Gov. Mark Gordon expressed frustration and anger at the toll the COVID-19 pandemic is taking on state residents.
He did not announce any new restrictions and extended present orders one week, but Gordon said he and other officials are still considering what steps to take next.
"What we're looking at is trying to calibrate a response that's proportionate to the challenge we see," he said at a press conference on Friday, November 13.
Wyoming's COVID-19 cases are surging to the highest levels the state has seen, hospitals are overwhelmed, the number of deaths are sharply increasing and not enough people are following safety precautions, Gordon reiterated multiple times throughout the press conference.
Gordon has not instituted a face mask mandate for the state so far, though public health officers across Wyoming and the Wyoming Hospital Association are urging him to do so. However, numerous local governments throughout the state and the Wind River Reservation have already made such policies.
Gordon said masks are important for safety but other precautions need to be considered as well.
"My point has never been face masks," he said. "My point has been, let's act responsibly, we know the things that we can do. Face masks can be helpful. They absolutely can be helpful. But I'm not saying that is a solution."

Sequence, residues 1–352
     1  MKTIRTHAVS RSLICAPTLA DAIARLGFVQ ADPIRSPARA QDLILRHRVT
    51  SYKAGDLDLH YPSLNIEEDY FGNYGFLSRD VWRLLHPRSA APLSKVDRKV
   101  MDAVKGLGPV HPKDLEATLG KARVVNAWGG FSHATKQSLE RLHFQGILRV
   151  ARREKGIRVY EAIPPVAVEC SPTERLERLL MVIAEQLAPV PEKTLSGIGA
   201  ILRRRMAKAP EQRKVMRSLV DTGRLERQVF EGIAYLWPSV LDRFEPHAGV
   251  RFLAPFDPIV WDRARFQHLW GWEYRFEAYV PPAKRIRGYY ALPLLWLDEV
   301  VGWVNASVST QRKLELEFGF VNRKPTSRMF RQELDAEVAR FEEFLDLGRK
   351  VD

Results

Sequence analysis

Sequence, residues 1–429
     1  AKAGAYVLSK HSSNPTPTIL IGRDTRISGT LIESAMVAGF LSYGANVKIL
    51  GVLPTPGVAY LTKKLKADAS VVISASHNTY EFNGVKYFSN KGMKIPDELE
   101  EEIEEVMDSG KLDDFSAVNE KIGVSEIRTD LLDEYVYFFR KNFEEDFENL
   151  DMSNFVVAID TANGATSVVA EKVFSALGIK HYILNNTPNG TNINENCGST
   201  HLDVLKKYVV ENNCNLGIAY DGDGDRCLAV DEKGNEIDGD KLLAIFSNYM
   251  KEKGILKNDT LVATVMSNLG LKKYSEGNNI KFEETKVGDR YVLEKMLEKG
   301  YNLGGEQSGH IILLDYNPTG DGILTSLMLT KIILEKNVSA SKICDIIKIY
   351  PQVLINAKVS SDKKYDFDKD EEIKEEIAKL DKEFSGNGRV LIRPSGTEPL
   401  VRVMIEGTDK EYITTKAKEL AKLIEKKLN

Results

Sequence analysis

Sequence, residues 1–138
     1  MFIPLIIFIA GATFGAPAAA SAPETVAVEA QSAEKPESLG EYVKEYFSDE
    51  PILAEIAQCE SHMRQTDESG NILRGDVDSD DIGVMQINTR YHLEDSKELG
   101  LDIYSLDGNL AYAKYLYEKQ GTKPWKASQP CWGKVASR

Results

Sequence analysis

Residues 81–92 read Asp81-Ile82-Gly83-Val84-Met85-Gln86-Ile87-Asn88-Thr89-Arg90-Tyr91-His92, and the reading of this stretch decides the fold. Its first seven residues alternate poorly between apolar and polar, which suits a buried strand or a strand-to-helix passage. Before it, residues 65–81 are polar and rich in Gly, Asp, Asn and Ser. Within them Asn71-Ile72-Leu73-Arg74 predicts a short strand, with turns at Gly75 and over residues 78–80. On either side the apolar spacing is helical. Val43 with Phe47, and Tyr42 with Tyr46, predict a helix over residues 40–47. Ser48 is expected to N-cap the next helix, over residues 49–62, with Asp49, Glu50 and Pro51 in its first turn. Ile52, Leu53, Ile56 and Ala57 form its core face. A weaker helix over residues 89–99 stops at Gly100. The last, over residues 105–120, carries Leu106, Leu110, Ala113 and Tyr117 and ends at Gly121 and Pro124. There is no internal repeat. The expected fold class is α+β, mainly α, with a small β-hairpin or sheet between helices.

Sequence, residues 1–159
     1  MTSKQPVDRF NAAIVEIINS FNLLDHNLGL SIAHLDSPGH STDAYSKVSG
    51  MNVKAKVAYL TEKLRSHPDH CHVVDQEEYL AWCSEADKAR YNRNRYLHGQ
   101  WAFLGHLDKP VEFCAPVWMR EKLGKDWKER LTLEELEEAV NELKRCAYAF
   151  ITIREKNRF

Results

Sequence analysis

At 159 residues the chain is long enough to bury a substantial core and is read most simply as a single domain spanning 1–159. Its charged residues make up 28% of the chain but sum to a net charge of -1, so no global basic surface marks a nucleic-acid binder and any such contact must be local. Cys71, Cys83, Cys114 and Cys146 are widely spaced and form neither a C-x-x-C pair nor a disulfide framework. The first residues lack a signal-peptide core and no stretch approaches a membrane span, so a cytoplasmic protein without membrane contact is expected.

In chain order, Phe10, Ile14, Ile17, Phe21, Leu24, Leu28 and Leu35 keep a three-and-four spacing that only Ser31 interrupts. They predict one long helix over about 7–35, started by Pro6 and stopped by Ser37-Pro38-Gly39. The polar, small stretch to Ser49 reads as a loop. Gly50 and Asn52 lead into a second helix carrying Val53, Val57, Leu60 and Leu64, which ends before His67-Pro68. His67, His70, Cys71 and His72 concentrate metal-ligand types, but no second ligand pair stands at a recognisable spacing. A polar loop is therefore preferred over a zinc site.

Gordon said hospitals and long-term care and assisted living facilities are overwhelmed with the effects of the virus.
Gordon said the state's economy is seeing a huge impact from the pandemic, and he's concerned it will only worsen as winter settles in.
"I've asked a number of businesses, 'Do you feel like you're gonna make it through this next year?'" he said. "And I gotta tell you people, there is not a heck of a lot of hope out there. So again, we've got to get our head in the game. That's what I said way back, when we first started this thing, we haven't got our head in the game, we're running around like chickens with their heads cut off."
Gordon continued to urge personal responsibility, as he has done for the past several months.
"I'm going to ask you to go to yourself, and ask yourself, 'Do you feel better today about what's going on in this state than you felt maybe in June, or July, or August when we were one of the lowest states for infection rates?'" he said.
Gordon said "all things are on the table" as far as potential new restrictions go and that his goal is to make sure the state-both residents and businesses-can pull through the coming winter.
As of Friday, there are more than 9,000 active cases of COVID-19 in Wyoming.
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